Description 1 of 2

 

While wines from Marlborough, in New Zealand’s South Island, have only come into prominence recently, there is actually a wine-making history in that region that dates back to the 1870s. Meadowbank Farm Manager David Herd planted Muscatel in a parcel of land in the Fairhall/Brancott area that became very well regarded. Though he died in 1905, his vineyard continued to produce until the 1930s. A few other small wineries also began to crop up during the late 1800s into the early part of the 20th century.
 
But it wasn't until 1973, when Frank Yukich of Auckland’s Montana Wines selected Marlborough for its expansion efforts. He saw the potential of this region, with sunny days and cool nights that ensure a long growing season and well balanced grapes. The success of his endeavors prompted other wineries to follow, many of them international enterprises. One of the most notable of these is Australia’s Cape Mentelle, who established the widely successful Cloudy Bay label out of Marlborough.
 
The areas located within the Wairau River Valley subregion have warmer, more humid growing conditions while moving south-east to the Awatere Valley, conditions become cooler and drier. The pride of Marlborough is its Sauvignon Blanc, which some consider among the world’s best. Pinot Noir is also well regarded and widely planted in the region. Other popular varietals in this cool-climate region are Chardonnay, Pinot Gris (Grigio), Riesling and Gewurztraminer. Pinot Noir and Chardonnay are also cultivated for sparkling wines made in the Champagne style (Methode Traditionelle). 
 
– Description from Amanda Schuster

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Description 2 of 2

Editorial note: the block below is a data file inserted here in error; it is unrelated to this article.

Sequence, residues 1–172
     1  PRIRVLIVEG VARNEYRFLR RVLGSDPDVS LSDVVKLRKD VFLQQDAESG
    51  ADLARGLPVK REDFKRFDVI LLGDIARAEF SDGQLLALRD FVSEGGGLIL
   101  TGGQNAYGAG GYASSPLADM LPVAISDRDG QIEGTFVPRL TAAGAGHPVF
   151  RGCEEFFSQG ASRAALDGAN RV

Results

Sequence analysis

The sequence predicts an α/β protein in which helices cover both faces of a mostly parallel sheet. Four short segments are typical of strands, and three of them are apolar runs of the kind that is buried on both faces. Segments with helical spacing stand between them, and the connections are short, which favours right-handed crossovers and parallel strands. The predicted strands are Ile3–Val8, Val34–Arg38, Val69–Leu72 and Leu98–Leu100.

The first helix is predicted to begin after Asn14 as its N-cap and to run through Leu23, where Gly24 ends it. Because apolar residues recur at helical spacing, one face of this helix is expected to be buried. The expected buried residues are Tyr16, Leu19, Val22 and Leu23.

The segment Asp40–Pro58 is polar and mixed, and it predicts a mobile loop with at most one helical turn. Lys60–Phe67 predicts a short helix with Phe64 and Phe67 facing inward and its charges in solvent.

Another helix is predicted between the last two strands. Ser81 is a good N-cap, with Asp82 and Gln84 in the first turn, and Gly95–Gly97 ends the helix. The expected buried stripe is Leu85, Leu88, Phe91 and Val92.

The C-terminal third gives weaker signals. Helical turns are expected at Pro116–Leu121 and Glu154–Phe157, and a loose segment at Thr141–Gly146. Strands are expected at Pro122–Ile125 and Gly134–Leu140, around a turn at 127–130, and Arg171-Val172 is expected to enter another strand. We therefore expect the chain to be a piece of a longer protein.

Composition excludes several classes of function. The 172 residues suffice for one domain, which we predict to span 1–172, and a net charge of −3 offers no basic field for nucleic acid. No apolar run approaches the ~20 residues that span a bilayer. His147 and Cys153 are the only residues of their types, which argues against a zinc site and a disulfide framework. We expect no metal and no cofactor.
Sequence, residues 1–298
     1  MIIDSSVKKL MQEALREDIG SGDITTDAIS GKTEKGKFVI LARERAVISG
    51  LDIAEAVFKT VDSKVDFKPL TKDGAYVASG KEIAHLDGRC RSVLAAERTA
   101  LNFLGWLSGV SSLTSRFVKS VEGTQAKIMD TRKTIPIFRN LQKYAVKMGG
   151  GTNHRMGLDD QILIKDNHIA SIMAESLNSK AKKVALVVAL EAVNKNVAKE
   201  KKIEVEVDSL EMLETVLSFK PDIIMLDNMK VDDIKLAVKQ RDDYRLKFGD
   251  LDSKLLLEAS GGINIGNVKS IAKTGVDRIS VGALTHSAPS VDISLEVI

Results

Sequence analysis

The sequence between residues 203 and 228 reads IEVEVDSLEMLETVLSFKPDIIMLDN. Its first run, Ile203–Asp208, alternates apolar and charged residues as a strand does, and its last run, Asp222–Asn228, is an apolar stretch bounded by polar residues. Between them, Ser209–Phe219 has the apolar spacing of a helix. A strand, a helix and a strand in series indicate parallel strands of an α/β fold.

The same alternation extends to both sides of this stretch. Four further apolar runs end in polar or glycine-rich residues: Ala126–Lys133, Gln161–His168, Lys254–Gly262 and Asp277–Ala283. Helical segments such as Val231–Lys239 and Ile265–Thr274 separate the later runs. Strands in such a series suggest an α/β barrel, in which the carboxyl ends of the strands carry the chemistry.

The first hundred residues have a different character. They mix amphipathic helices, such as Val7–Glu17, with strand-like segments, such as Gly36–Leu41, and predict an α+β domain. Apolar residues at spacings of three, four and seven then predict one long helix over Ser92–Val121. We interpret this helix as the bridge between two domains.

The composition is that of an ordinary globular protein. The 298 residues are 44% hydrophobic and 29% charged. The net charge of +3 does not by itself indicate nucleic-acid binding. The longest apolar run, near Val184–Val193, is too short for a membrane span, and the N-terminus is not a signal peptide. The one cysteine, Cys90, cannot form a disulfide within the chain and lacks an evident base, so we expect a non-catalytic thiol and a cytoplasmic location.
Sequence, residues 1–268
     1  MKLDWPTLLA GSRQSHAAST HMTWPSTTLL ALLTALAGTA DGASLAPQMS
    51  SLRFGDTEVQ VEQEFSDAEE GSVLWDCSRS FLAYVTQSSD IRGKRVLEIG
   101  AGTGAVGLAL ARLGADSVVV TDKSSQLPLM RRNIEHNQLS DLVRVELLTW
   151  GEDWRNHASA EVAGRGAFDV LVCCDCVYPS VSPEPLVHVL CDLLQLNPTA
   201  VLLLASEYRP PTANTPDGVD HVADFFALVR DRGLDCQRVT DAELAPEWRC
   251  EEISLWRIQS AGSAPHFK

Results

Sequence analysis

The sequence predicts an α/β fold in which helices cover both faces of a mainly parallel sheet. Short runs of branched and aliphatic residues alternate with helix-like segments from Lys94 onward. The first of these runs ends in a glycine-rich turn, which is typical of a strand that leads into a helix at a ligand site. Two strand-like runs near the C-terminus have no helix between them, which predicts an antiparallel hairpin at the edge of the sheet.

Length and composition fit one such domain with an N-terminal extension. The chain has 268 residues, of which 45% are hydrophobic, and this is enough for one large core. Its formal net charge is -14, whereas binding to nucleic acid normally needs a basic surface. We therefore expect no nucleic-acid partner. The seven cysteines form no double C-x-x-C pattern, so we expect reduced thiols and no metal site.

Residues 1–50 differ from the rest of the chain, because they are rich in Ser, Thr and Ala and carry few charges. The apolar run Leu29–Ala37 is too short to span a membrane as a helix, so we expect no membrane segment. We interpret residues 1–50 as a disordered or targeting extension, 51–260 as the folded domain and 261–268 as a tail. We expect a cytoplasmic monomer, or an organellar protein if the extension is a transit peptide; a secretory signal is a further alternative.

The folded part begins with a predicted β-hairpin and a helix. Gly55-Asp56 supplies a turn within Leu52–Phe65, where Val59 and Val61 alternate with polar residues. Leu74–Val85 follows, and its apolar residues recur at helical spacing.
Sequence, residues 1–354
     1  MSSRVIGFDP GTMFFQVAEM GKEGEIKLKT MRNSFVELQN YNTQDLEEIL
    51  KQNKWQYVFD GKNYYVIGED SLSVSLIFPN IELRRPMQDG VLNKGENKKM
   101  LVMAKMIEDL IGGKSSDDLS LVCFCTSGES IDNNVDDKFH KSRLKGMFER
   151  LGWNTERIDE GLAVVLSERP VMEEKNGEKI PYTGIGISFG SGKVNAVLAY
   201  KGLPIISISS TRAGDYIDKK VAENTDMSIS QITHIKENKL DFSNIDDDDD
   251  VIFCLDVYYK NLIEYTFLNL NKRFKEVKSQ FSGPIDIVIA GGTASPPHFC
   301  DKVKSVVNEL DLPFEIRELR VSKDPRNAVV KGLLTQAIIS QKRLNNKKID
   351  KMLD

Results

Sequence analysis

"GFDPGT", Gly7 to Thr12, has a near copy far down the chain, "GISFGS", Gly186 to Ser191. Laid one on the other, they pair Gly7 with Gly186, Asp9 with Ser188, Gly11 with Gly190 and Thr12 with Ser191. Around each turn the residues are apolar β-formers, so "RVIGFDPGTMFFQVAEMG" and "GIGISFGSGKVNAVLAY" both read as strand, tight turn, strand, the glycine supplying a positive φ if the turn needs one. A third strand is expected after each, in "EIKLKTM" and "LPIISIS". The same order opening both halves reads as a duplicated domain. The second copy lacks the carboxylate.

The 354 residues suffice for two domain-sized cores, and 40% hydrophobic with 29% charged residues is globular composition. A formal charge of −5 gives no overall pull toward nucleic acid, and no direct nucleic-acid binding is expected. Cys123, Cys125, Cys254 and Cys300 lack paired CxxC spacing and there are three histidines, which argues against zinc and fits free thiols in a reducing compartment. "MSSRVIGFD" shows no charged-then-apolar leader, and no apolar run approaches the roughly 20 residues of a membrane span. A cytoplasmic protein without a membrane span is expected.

Marlborough, New Zealand http://www.wine-marlborough.co.nz When the first growers planted grapes in Marlborough in the 1970s (there is evidence of plantings as early as 1870s), it is unlikely they would have foreseen the extent of the growth and fame that the region’s wine industry would achieve, based upon a single varietal called Sauvignon Blanc. The distinctive pungency and zest fruit flavours of the first Marlborough wines, in particular Sauvignon Blanc, captured the imagination of the country's winemakers as well as international wine commentators and consumers and sparked an unparalleled boom in vineyard development. Worldwide interest in Marlborough wines, particularly Sauvignon Blanc, has continued to fuel that regional wine boom. The continued worldwide interest and demand for Marlborough wines fuels on ongoing growth of plantings. The region currenly has 23,600 hectares of land planted with planted grapes. These plantings are primarily located within the Wairau Valley. Over the last decade, viticulture has also spread southeast into the smaller slightly cooler Awatere Valley. More recently the southern side valleys of the Wairau – Fairhall, Hawkesbury and Waihopai – have gathered a collection of vines. New Zealand’s first exportation of wine in 1963 came ten years before grapes were even planted in Marlborough. However, Marlborough is now the largest wine producing region in the country, 79% of New Zealand’s total active wine production. CLIMATE Located on the east coast with mountains to the west, Marlborough is one of New Zealand’s sunniest and driest areas. In these bright, but relatively ‘cool’ climate conditions, the grapes have the advantage of a long slow, flavour-intensifying ripening period. The average daily temperature during summer is nearly 24 degrees C but clear cool nights keep acid levels high in the grapes. Marked diurnal (day/night) temperature variations are a key factor behind the ability of Marlborough grapes to retain both fresh, vibrant fruit and crisp, herbaceous characters. The contrast between day and night also helps to enhance the colour development in the skins of Pinot Noir. SOILS Within the region, viticulture has been developed primarily on sites with moderate low fertility and a noticeably stony, sandy loam top soil overlying deep layers of free-draining shingle, as found in the viticulturally developed areas of the Wairau and Awatere Valleys. These shallow, fast draining, low fertility soils help to produce a lush, aromatic ripe wine because they reduce the vines vigour. Where a more herbaceous style is desired, sites with greater water retentive soils and moderate fertility are chosen. http://www.wine-marlborough.co.nz – Description from Sileni

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